In the fast world of entrepreneurship, can we achieve more by slowing down?

May 18, 2016

I have been a keen observer of human behaviour for a long time…. one of my favourite pastimes is to sit in silence in public spaces and observe and absorb what is happening around me. Over time, when knowledge and experience have fallen short, or when things are crazy around me, it has been these insights that have given me clarity.

– by Ishani Chattopadhyay, Head of Programs at TDi (2016)

 

In light of the amount of information that is constantly flowing around us leading us to act more quickly, constantly and endlessly, I started to think about the impact on entrepreneurs and businesses in general. In the ‘fast food’ world of entrepreneurship is there room to achieve more through a ‘slow food movement’? Instead of immediacy of action, is there room for self reflection, awareness and mindfulness? Most importantly, how do we balance the need to act urgently with slowing down and taking our time?

The research highlights four other skills that help the process of associational thinking and support my anecdotal evidence. It shows innovators seem to practise powerful questioning exhibiting a “passion for inquiry”, they are intense observers of behaviour, people, technology, business and the world around them, they are avid networkers constantly trying to test out their ideas through diverse groups, and they are experimenters choosing to give a variety of things a go.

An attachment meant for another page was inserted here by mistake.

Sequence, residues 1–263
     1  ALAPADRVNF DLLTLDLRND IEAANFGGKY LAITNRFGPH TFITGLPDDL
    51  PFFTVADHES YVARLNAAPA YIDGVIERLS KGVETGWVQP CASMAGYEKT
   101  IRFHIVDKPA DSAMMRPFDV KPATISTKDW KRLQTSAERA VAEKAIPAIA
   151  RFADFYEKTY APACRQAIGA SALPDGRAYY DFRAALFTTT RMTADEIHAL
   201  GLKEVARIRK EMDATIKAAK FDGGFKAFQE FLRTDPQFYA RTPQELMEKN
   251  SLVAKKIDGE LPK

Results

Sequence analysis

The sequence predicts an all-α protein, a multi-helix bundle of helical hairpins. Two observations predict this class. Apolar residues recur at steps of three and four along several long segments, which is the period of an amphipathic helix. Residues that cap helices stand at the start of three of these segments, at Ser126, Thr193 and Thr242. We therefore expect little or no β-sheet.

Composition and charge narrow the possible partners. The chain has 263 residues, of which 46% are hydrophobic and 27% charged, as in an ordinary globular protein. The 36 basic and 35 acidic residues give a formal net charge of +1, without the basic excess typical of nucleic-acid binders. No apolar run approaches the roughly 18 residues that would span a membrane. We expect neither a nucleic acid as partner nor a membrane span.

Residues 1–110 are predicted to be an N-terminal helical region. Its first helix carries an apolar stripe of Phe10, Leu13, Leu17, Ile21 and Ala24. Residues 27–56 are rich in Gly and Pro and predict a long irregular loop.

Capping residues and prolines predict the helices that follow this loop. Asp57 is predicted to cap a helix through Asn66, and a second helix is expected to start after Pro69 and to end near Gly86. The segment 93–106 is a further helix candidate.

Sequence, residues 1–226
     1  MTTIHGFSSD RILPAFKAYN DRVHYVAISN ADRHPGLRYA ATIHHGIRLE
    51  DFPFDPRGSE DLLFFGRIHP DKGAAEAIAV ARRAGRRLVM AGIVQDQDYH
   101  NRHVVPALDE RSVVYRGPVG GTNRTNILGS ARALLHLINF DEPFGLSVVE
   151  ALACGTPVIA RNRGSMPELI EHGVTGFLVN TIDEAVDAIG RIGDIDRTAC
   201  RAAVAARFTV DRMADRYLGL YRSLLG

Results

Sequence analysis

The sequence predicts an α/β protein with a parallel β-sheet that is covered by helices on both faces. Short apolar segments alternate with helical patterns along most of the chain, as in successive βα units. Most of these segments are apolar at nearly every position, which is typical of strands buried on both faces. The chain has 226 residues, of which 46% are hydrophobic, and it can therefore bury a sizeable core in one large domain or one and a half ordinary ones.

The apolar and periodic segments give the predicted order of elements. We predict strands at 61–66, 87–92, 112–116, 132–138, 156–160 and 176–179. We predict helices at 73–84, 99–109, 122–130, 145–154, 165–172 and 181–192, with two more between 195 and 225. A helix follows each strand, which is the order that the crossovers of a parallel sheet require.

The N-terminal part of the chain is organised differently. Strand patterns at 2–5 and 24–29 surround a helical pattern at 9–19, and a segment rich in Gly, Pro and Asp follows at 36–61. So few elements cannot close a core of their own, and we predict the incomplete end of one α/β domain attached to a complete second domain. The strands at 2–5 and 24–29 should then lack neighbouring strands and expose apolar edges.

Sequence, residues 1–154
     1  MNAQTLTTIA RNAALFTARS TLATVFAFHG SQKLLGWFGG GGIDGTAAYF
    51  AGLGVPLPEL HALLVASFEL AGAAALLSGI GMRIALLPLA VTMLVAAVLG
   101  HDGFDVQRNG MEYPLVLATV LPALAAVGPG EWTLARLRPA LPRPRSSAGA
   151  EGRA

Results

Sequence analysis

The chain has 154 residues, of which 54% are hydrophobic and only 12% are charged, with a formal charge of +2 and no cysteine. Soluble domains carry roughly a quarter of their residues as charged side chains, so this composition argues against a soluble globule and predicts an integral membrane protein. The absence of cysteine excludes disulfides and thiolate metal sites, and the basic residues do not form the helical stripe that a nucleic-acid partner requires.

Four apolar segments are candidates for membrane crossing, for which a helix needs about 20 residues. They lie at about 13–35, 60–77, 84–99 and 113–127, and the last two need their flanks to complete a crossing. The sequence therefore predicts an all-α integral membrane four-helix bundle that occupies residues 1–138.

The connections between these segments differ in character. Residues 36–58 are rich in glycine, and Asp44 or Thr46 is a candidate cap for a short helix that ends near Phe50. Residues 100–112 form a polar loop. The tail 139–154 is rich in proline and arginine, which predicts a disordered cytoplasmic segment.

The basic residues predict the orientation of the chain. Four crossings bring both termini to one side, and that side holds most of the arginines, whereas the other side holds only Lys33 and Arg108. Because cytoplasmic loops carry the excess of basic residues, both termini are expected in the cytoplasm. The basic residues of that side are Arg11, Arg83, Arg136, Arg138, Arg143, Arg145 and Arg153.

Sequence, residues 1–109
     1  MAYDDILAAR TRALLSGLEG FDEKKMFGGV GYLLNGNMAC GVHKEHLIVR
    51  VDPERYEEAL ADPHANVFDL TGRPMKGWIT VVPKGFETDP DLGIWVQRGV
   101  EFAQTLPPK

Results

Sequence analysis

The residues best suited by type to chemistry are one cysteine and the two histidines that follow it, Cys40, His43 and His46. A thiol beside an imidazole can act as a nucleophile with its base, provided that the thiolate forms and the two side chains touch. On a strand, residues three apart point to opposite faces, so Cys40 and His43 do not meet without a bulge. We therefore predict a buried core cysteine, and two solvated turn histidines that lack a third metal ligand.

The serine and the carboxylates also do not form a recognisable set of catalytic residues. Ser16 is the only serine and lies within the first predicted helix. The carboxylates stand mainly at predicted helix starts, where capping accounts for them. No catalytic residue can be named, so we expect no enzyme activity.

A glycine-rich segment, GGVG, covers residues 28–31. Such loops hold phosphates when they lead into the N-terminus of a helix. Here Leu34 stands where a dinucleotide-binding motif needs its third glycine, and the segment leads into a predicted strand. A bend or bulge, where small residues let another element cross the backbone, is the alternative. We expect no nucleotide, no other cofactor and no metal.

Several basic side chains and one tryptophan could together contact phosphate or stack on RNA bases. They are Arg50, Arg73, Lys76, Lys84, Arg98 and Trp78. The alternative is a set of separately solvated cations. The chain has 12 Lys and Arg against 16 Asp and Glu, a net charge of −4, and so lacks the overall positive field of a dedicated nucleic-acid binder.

On reflection, I now know that the innovators and entrepreneurs who have left an impression on me and their arena of impact actually live and breathe these traits in practice. They constantly step back, stop to listen and observe, and are mindful, aware and reflective. They may be slow to act but when they do they act, it is with intense clarity and precision. I’m committed to ensuring I step back and reflect rather than filling my time with what’s seemingly urgent. I am signing up for the slow revolution…

 

“Associating happens as the brain tries to synthesise and make sense of novel inputs. It helps innovators discover new directions by making connections across seemingly unrelated questions, problems, or ideas. Innovative breakthroughs often happen at the intersection of diverse disciplines and fields”

Dyer, Gergesen & Christensen (2011).

 

The research highlights four other skills that help the process of associational thinking and support my anecdotal evidence. It shows innovators seem to practise powerful questioning exhibiting a “passion for inquiry”, they are intense observers of behaviour, people, technology, business and the world around them, they are avid networkers constantly trying to test out their ideas through diverse groups, and they are experimenters choosing to give a variety of things a go.

On reflection, I now know that the innovators and entrepreneurs who have left an impression on me and their arena of impact actually live and breathe these traits in practice. They constantly step back, stop to listen and observe, and are mindful, aware and reflective. They may be slow to act but when they do they act, it is with intense clarity and precision. I’m committed to ensuring I step back and reflect rather than filling my time with what’s seemingly urgent. I am signing up for the slow revolution…

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